To observe the effect of electroacupuncture (EA) on neuronal apoptosis in rats with traumatic brain injury (TBI), and to explore the action mechanism of EA on improving the brain nerve function of TBI.
A total of 88 6-week-old SD rats were randomly divided into a sham operation group, a model group, an EA group and a LY294002+EA group, 22 rats in each group. The TBI model on the left side was established by the improved Feeney’s free fall method. After modeling for 24 h, the rats in the EA group and LY294002+EA group were treated with acupuncture at “Baihui” (GV 20) for 10 min and pricking acupuncture at “Shuigou” (GV 26) for 20 s; EA was applied at “Neiguan” (PC 6) and “Zusanli” (ST 36) on the right side (discontinuous wave, 2 Hz of frequency, 1 mA of intensity) for 10 min, once a day for 3 days. After 3 days of intervention, the TUNEL method was used to detect the level of neuron apoptosis in left cerebral cortex; the Western blot method was used to detect the expression of Akt, p-Akt, Bcl-2, Bax, Cyt-C and Caspase-9 in the left cerebral cortex.
After 3-day treatment, compared with the sham group, the number of neuronal apoptosis in the left cortex was increased in the model group (<0.01), and the expression of Bax, Cyt-C and Caspase-9 protein was increased (<0.01), and the expression of p-Akt/Akt, Bcl-2 was decreased (<0.01). Compared with the model group, the number of neuronal apoptosis in the left cortex was decreased in the EA group (<0.01), and the expression of Bax, Cyt-C and Caspase-9 was decreased (<0.01), and the expression of p-Akt/Akt and Bcl-2 was increased (<0.01). Compared with the LY294002+EA group, the number of neuronal apoptosis in the left cortex was decreased in the EA group (<0.01), and the expression of Bax, Caspase-9 and Cyt-C was decreased (<0.01, <0.05), and the expression of p-Akt/Akt and Bcl-2 was increased (<0.01).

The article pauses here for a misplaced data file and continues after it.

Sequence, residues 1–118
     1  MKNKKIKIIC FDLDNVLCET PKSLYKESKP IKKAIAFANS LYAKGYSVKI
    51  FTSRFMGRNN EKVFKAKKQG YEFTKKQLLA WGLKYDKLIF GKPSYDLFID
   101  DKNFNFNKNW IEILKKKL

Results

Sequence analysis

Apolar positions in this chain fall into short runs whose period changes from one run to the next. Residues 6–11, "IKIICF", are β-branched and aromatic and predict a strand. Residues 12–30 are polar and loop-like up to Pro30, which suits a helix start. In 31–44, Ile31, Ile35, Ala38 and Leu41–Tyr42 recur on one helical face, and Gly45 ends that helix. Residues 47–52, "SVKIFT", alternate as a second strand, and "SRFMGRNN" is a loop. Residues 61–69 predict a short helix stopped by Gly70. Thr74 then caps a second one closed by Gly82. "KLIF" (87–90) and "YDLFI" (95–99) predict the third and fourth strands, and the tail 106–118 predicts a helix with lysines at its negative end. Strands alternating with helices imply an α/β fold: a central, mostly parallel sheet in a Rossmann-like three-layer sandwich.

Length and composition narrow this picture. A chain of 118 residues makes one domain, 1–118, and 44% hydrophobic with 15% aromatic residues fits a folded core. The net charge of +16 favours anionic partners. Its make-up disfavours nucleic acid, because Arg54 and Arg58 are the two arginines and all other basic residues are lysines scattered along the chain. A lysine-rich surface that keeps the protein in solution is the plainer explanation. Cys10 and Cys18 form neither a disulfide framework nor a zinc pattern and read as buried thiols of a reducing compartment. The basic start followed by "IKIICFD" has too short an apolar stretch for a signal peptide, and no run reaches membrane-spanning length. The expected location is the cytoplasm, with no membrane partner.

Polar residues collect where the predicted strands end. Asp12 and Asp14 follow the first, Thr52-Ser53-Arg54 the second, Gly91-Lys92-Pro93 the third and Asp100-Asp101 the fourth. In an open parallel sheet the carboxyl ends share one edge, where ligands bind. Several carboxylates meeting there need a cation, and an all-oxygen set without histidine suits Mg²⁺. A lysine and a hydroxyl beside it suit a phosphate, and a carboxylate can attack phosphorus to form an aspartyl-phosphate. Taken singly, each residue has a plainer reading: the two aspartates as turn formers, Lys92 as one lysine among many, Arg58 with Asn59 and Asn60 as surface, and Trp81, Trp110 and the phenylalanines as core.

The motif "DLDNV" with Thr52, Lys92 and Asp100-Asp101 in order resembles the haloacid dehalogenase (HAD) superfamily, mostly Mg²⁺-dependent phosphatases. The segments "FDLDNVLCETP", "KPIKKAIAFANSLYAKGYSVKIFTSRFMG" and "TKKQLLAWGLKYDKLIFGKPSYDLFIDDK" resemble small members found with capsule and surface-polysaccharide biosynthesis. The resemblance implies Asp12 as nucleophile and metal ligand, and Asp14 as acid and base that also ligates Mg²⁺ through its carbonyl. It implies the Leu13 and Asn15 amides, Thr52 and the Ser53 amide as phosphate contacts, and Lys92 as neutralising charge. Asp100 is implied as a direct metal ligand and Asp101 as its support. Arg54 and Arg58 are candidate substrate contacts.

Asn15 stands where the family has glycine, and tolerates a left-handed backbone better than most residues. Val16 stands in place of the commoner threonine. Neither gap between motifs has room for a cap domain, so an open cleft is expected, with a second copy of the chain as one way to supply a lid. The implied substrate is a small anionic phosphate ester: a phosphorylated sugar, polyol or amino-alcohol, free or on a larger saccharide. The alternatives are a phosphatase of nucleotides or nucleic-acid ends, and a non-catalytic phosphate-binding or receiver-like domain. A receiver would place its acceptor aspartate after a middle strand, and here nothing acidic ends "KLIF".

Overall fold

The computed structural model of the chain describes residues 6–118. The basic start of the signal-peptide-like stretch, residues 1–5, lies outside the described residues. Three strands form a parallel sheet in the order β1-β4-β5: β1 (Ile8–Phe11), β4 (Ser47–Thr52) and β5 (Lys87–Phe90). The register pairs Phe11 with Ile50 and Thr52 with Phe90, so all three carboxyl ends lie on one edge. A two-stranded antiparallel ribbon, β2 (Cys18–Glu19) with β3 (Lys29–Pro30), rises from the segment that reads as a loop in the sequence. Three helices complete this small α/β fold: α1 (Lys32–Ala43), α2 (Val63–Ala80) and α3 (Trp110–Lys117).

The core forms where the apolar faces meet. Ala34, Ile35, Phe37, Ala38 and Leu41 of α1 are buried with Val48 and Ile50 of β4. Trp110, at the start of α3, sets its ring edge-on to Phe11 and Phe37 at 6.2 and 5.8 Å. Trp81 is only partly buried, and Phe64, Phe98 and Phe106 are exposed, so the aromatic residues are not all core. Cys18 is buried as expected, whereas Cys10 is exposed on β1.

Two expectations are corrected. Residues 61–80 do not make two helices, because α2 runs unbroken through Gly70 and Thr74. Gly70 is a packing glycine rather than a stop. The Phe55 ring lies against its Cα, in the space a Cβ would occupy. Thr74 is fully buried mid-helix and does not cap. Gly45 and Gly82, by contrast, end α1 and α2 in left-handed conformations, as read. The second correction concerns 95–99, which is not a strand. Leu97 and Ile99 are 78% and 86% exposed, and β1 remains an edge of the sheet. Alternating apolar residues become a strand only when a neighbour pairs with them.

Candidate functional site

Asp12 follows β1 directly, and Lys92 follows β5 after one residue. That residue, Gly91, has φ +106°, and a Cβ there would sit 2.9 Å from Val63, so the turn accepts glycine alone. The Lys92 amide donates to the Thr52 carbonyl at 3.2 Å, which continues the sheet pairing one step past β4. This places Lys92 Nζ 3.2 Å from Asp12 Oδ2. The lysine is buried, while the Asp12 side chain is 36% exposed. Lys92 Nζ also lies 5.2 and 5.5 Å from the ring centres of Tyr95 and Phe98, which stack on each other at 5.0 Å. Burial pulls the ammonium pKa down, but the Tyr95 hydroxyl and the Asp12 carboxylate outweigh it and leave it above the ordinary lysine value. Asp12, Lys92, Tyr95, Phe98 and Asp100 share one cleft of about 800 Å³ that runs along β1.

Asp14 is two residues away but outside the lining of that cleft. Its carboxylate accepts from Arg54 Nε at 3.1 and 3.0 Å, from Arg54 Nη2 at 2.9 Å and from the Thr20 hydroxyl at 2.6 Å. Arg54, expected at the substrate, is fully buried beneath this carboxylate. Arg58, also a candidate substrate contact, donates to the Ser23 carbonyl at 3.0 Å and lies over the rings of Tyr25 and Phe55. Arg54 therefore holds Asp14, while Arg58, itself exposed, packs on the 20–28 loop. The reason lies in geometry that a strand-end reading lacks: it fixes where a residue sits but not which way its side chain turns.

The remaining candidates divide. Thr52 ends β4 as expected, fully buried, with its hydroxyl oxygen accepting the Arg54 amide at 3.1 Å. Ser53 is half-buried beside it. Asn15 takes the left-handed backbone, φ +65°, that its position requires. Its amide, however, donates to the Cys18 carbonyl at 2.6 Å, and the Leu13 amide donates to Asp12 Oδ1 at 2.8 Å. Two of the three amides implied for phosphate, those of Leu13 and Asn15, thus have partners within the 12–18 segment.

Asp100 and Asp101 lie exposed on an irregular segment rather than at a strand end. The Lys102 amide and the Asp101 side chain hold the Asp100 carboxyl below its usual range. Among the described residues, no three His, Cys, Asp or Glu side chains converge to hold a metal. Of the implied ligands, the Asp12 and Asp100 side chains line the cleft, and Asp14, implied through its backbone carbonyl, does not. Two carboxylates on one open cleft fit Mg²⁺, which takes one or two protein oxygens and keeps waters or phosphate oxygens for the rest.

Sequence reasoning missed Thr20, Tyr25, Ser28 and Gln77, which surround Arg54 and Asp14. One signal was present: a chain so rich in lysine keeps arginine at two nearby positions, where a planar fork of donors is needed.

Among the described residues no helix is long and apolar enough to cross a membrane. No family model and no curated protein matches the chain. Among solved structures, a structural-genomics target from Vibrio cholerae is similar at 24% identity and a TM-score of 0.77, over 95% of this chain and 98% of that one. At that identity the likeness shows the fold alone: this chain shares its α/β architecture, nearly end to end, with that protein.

EA could significantly reduce the neuronal apoptosis in rats with TBI, and its mechanism may be related to the activation of PI3K/Akt signaling pathway.

References

PubMed